Rocky Mountain Section - 68th Annual Meeting - 2016

Paper No. 21-7
Presentation Time: 10:15 AM


JENKINS, M. Christopher1, THOMSON, Jennifer A.1 and ZIENTEK, Michael L.2, (1)Department of Geology, Eastern Washington University, 130 Science Building, Cheney, WA 99004, (2)U.S. Geological Survey, 904 W Riverside Ave, Room 202, Spokane, WA 99201,

The Stillwater Complex (~2.71 Ga) is an Archean layered mafic-ultramafic intrusion in southwest Montana. Layering of the complex dips to the north and appears to dip into the Dry Fork Thrust. A gravity anomaly north of the fault may be the complex under cover. Xenoliths with cumulus textures similar to complex are found in Tertiary stocks to the north of the fault. The only outcrop of Precambrian age north of the fault is an amphibolite. We collected eight samples of this amphibolite approximately 2 km north of the complex.

Previous workers described these rocks as amphibolite schist, composed of amphibole and clinozoisite with minor quartz, calcite, chlorite, and epidote. The amphibolite schist may represent: (1) country rocks below the complex, (2) metamorphosed roof rocks above the complex, or (3) metamorphosed cumulates of the complex.

Our samples are mafic meta-igneous rocks of lower amphibolite to greenschist-facies with relict igneous textures to mylonitic fabrics. Electron microprobe analyses of coexisting amphibole and plagioclase were used to constrain the temperature conditions at various pressures for three samples (P at 3, 5, and 6 kb; T = 417-441°C). These conditions are consistent with greenschist facies metamorphism.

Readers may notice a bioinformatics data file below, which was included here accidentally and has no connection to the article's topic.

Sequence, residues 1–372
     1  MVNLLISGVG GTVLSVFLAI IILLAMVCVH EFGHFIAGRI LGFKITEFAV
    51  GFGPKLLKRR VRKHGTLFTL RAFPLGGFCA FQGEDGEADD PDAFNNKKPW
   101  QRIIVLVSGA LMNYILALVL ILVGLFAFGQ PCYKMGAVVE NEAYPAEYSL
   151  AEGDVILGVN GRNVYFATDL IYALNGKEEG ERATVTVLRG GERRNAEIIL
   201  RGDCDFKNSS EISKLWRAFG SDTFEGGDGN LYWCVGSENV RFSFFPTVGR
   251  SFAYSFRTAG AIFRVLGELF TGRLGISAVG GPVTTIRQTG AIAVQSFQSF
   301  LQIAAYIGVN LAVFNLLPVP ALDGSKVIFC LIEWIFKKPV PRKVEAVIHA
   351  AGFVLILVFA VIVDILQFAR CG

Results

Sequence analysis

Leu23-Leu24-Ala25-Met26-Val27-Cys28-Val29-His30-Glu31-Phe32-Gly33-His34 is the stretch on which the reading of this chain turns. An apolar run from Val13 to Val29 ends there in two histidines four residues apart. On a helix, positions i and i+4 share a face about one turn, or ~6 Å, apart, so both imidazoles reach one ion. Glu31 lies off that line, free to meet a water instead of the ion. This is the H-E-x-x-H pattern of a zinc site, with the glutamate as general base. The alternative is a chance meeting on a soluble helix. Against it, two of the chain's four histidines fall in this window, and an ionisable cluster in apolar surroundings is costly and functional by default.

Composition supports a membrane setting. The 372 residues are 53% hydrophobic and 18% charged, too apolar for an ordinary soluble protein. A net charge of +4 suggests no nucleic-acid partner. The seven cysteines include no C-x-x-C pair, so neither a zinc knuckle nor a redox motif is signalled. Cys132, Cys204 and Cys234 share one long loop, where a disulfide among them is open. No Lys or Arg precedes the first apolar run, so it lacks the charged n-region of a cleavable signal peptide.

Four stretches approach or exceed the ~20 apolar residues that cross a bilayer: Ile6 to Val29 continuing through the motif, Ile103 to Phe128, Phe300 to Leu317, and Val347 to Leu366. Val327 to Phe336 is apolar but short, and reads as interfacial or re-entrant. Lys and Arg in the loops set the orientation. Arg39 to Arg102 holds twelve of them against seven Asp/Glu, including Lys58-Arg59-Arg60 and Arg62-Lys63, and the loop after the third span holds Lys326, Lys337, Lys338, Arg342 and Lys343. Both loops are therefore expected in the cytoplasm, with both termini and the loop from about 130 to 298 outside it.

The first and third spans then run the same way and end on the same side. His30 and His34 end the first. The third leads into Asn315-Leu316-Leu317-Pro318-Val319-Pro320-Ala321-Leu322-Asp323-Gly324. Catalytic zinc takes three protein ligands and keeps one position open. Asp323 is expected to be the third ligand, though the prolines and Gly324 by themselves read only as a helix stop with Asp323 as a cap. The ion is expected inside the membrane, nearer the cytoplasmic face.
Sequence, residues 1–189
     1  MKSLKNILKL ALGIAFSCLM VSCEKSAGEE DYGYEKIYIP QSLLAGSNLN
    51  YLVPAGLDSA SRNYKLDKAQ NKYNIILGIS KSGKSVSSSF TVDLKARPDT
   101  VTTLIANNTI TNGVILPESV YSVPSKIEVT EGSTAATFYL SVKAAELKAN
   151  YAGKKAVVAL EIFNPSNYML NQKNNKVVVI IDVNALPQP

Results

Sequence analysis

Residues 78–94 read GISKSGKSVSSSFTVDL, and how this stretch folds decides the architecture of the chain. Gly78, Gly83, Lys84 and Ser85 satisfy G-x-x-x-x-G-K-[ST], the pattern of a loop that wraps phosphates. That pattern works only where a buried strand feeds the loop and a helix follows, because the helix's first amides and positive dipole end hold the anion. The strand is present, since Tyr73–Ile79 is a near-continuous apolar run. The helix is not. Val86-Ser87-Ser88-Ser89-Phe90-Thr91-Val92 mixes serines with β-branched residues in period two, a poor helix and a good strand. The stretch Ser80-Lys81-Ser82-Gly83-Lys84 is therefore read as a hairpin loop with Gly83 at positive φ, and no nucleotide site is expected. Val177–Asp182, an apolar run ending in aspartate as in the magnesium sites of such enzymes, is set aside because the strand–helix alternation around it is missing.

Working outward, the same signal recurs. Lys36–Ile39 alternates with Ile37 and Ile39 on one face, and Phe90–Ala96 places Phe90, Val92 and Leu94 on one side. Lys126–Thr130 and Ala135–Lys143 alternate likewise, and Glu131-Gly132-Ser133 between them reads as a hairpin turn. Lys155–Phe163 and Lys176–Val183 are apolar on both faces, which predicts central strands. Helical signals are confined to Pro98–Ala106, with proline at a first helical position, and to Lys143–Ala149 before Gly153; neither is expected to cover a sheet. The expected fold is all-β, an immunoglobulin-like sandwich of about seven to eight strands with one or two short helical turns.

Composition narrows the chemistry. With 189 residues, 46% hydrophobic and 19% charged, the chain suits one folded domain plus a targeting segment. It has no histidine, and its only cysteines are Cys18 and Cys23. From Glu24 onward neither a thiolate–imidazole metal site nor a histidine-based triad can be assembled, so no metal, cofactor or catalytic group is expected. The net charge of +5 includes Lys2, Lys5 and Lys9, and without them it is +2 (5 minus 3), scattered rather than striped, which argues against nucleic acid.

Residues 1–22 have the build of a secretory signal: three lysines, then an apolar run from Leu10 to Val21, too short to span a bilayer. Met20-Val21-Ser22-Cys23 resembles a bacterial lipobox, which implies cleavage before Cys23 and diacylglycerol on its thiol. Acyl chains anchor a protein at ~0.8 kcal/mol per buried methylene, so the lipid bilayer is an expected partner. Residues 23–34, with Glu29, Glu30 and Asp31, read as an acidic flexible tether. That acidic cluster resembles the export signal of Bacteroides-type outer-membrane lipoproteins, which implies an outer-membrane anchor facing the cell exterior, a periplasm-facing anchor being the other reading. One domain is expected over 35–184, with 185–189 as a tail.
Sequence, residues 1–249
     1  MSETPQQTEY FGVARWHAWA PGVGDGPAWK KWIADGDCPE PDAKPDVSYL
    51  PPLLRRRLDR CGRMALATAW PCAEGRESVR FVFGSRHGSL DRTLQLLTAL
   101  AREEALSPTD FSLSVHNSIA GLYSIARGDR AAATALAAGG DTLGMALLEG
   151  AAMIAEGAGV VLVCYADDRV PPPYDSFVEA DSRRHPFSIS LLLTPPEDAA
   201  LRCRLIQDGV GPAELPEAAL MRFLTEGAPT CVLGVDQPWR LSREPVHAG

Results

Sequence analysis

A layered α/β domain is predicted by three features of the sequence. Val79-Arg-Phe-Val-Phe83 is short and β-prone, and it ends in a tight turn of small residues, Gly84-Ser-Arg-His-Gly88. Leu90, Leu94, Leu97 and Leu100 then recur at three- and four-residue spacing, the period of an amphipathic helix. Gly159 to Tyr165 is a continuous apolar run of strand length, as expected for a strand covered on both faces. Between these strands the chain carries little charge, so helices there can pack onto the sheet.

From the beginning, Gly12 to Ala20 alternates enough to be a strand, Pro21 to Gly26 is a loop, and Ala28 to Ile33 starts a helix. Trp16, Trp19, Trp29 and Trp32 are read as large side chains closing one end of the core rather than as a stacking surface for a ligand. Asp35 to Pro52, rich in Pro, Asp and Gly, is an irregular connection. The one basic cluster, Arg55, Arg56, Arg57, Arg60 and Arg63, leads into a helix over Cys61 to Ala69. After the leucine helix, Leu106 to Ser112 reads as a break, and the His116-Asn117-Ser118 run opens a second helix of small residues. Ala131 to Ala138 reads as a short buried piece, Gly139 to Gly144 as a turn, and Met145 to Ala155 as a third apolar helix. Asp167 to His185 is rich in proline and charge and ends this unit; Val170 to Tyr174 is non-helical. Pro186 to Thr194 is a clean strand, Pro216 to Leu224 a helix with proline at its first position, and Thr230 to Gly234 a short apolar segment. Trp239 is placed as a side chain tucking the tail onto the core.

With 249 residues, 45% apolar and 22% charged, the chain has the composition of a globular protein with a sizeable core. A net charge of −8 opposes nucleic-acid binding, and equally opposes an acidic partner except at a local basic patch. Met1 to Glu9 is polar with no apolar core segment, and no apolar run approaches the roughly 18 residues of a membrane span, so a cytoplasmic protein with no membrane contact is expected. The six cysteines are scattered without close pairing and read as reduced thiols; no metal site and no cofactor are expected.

Bulk rock geochemistry was used to test the origin hypotheses. Our data were compared to existing geochemical data from country rocks below the complex, Stillwater cumulates, and mafic dikes cutting the complex. No known roof rocks have been identified. The samples plot in the iron-rich basalt field using the Jensen classification and are dissimilar from the greywacke and iron formation found below the complex. Primitive-mantle-normalized spider diagrams of incompatible elements suggest that the samples are not cumulates. REE distributions of the samples resemble the liquid-like patterns of Precambrian dike rocks (~2.65 Ga) which cut the complex. The amphibolite unit (~4.5 km2) is much larger than the linear dikes (10 m in width) that cut the complex. Our results provide constraints to the origin of these enigmatic metamorphic rocks.

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